Originally Posted by Selden Ball
Don't forget that most movies currently are being released for the home market using DTS compression (i.e. many mixing companies are more familiar with DTS's mixing software than with Dolby's), and hundreds of movies were remixed to produce 7.1 discrete soundtracks for the home environment, even though their theatrical releases were only 5.1 or less (i.e. redistributing the many audio tracks that were originally recorded among a different number of speaker channels [or objects] is not new.)
Many authoring companies still rely on Dolby's suite for all content not delivered via BR... which is almost exclusively every other format.
The speed of the lossless encoders was what drew much love from the authoring companies doing such work.. DTS's solution is much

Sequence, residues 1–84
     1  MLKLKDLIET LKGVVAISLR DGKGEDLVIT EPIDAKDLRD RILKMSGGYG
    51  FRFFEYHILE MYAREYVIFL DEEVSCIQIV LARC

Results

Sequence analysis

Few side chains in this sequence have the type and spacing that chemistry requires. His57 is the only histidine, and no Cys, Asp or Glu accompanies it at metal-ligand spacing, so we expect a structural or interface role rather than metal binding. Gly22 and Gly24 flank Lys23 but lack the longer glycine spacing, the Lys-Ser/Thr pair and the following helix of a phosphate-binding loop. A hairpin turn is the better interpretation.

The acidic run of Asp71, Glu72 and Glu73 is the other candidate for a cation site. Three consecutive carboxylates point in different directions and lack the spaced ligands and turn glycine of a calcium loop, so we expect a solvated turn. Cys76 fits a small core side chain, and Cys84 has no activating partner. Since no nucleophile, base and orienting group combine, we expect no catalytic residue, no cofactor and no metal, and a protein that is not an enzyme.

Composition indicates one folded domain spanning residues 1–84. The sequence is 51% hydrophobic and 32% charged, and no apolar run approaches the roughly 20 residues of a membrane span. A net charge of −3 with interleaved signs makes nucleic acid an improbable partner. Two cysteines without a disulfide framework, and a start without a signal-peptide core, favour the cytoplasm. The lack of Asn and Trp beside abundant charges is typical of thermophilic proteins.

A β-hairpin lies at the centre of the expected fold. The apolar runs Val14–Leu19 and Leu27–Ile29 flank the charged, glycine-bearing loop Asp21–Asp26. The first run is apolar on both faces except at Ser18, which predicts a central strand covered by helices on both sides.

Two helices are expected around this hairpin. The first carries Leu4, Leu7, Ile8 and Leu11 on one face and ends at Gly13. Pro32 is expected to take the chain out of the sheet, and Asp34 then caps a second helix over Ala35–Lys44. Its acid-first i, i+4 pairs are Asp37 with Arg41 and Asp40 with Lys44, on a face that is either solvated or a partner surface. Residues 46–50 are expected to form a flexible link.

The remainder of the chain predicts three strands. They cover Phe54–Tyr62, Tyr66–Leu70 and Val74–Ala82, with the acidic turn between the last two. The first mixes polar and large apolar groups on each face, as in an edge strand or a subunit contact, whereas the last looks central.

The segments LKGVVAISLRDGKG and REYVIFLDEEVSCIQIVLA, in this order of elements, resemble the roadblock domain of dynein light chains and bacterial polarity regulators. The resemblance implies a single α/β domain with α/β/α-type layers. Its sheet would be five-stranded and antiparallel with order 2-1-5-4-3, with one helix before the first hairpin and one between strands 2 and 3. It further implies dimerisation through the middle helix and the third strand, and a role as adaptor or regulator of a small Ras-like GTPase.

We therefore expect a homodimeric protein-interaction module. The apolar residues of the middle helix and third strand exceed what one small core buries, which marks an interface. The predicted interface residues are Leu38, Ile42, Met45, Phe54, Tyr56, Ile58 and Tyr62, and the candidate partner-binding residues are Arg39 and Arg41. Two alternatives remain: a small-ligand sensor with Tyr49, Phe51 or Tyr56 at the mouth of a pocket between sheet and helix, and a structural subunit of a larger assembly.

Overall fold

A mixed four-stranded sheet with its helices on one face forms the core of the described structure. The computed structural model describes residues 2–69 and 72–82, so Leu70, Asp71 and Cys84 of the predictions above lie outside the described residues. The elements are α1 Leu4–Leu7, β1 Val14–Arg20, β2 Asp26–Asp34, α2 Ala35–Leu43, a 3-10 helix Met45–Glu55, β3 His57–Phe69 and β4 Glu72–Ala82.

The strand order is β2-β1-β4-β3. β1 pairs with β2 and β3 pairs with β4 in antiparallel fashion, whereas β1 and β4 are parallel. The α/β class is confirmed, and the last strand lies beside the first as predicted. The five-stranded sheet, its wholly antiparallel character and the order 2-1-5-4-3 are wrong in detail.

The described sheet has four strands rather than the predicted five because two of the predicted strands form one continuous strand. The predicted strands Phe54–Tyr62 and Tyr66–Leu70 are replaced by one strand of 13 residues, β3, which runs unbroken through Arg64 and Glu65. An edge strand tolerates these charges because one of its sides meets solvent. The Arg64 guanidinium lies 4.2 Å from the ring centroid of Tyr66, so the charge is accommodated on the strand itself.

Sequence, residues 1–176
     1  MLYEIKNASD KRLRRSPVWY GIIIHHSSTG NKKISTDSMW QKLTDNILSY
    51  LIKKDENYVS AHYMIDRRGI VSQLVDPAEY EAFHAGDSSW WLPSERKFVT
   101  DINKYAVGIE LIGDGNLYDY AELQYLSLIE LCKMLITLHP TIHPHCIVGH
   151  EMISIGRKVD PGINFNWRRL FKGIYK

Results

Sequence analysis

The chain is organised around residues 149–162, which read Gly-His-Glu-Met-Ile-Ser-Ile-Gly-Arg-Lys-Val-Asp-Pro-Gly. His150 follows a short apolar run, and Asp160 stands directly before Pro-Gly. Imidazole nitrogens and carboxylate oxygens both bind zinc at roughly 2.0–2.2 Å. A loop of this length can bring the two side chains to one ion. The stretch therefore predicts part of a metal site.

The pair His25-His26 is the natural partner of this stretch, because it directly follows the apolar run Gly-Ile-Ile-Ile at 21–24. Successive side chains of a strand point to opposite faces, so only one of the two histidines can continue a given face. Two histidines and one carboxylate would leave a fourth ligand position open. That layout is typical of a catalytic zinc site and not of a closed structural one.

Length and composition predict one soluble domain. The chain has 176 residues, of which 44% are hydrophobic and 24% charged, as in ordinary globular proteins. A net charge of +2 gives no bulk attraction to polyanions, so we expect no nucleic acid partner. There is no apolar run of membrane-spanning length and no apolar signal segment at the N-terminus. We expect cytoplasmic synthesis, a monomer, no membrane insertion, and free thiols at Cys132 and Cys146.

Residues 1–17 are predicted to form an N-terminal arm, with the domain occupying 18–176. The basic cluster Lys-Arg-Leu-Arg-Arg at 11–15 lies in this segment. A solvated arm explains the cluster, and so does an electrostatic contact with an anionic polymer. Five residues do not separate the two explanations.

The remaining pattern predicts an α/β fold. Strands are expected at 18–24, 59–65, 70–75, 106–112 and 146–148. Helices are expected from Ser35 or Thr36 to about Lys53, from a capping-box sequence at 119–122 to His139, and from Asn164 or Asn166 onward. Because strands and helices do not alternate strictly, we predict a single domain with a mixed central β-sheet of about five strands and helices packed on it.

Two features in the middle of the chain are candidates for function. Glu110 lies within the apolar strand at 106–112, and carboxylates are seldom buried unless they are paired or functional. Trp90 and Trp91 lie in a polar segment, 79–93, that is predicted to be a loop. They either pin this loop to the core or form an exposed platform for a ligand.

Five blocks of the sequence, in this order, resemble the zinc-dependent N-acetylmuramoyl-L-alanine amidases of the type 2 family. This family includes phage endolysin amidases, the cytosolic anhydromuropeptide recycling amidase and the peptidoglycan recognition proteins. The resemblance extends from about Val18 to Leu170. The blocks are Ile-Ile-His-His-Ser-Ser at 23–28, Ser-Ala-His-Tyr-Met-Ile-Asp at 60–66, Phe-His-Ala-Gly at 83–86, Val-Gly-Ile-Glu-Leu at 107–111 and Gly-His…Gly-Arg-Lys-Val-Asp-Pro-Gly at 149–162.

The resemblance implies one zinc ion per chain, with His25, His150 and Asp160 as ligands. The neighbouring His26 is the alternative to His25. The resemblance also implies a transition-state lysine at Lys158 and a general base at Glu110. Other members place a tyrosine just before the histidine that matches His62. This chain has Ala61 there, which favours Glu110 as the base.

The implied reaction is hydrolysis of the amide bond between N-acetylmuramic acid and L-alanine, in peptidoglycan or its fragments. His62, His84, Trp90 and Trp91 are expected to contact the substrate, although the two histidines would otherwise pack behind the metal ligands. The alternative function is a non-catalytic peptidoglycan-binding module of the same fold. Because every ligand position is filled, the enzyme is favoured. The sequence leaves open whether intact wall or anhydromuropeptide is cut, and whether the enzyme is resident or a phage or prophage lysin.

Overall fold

faster, and maybe a little more user friendly (debatable subjective comment.)
That being said, I've heard the new Dolby Media Encoder to be used with Atmos is smoking
Upmixing from stems is a wholly different beast that taking a 5.1 mix and going to Atmos... it's not about access to individual units, those all exist... it's getting them out of the original stems to make them into objects, and even from a predub level, it's a large, complicated amount of work. It very well may be that they go and manipulate the stems into 7.1 and Atmos (I did it on "The Heat" and it was acceptable) but not a big enough difference that I could honestly sell to a client, and Dolby Surround might be really good to give us something similar, and similarly acceptable.
Regardless, as I've mentioned before, studios seem reluctant to redo the audio without creative input (from the director, editor, etc..)
I know some have mentioned they seem to do whatever they want with the picture... however, I attribute many of those example to be the result of overdone, or botched, compression of director approved masters
.. not saying it's right, but it is a different example.